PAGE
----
Functional Strength training is an important component to any fitness regimen. It involves compound, multi-joint movements that simulate Activities of Daily Living, and it is partucularly important for active older adults wishing to preserve function and maintain independence. The other key element to this style of training is core strength and stabilization. As members who attend my classes have heard me say before, the core is everything. The exercises that comprise funtional fitness reflect the movements that we do everyday; walking, pushing, pulling, hinging, squating, lunging and rotation. It is important to engage your core while performing all of these movements, it is important to always engage your core. : )

I have provided a list of basic functional strength training moves with modifications that are appropriate for seniors. If you are getting started from a sedentary lifestyle begin with five to ten minutes a day of activity with the lowest rep range provided and only perform one set of the exercises given. Ask a doctor before you begin any exercise program and listen to your body. If something hurts, stop. If you feel dizzy or tired, stop to rest. Resume only if you feel better. Walking Walking is such an important exercise for everyone but especially seniors. When you walk you are engaging in balance, strength and mobility training. If you are not currently active begin with five to ten minutes a day. If balance, coordination or fatigue are a concern utilize the Nu-Step machines that are in our Wellness Center. A staff member would be happy to assist in getting you started. Or you can walk laps in the pool. Walk as long as it feels appropriate for you. A good guide is aiming for 250 – 300 minutes of mild to moderate intensity activity a week once you feel strong enough. That breaks down to 30 – 45 minutes a day, seven days a week.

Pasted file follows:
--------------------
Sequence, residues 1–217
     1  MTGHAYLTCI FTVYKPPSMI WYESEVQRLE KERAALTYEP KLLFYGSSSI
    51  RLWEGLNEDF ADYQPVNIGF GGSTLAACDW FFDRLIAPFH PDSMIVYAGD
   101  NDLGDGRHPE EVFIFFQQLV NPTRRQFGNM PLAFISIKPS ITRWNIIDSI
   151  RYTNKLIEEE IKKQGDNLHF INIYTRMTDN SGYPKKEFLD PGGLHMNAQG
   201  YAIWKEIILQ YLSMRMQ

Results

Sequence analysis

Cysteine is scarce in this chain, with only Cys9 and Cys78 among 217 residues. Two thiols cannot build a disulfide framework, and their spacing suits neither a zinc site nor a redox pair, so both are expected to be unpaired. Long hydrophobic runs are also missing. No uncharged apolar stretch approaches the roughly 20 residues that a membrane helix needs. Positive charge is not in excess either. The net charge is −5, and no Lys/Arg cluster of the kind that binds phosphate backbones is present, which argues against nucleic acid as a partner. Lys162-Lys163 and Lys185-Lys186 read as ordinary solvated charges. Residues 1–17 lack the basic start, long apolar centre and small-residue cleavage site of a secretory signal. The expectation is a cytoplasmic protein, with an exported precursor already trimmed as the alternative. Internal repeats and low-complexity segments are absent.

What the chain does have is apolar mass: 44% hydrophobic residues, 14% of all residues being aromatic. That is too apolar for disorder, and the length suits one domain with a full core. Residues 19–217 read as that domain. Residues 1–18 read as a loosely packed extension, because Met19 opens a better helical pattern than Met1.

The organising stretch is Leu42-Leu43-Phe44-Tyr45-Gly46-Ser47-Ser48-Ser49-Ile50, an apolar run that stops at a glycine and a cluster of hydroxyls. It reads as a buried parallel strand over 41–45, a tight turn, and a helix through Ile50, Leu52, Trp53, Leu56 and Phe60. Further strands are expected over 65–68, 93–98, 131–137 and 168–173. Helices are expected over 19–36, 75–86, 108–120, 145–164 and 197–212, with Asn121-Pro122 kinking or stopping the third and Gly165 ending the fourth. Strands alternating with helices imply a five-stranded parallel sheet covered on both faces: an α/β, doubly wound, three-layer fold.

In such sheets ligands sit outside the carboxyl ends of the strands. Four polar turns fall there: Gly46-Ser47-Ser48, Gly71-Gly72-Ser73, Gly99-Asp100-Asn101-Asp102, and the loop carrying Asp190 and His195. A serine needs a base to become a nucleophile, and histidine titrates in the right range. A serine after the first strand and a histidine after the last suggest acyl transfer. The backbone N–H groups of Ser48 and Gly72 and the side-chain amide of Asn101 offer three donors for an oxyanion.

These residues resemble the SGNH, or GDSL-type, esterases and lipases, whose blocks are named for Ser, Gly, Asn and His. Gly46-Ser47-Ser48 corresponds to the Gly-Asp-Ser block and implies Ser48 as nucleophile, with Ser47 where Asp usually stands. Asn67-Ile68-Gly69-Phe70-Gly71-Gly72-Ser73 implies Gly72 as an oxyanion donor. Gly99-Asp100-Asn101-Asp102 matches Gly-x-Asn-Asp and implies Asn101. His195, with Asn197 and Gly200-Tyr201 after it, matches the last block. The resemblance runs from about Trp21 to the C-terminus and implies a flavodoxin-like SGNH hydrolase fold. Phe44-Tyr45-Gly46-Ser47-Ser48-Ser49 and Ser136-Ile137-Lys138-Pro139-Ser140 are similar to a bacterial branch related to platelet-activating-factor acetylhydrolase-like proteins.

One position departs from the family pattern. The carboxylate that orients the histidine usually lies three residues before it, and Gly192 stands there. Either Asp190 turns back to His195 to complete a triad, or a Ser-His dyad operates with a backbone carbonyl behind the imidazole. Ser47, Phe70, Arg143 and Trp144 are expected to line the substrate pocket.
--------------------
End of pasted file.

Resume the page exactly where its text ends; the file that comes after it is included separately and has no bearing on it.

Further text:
Be aware that as we age we have a tendency to sit and walk hunching forward. You have to work to correct this posture. Keep your gaze out looking straight ahead. Pull your shoulder blades back and use those core muscles to help you stand tall and supported.

Squats or Sit to Stands

Squats or Sit to Stands are one of my favorite functional strength training exercises. Every time you sit down and stand back up you are performing a squat. Remember as you squat keep your gaze looking straight ahead, keep your chest lifted and do not bend at the waist, your weight should be balanced through the ball of your feet and into the heels and the knees should not go passed your toes. To perform a sit to stand pick a sturdy chair or a bench that is high enough that you can sit without “falling” and stand back up without needing to rock.

Push Ups

Pushups can be done standing at the wall, on an incline at a bench or on the floor. If you are new to this exericise begin with the standing variation. Make sure you keep your elbows in at your sides and your hands should be in line with your chest. Lower yourself slowly, feel your shoulder blades come together and then push up with control. Are you still engaging your core? You should be!

Lunges or Step Ups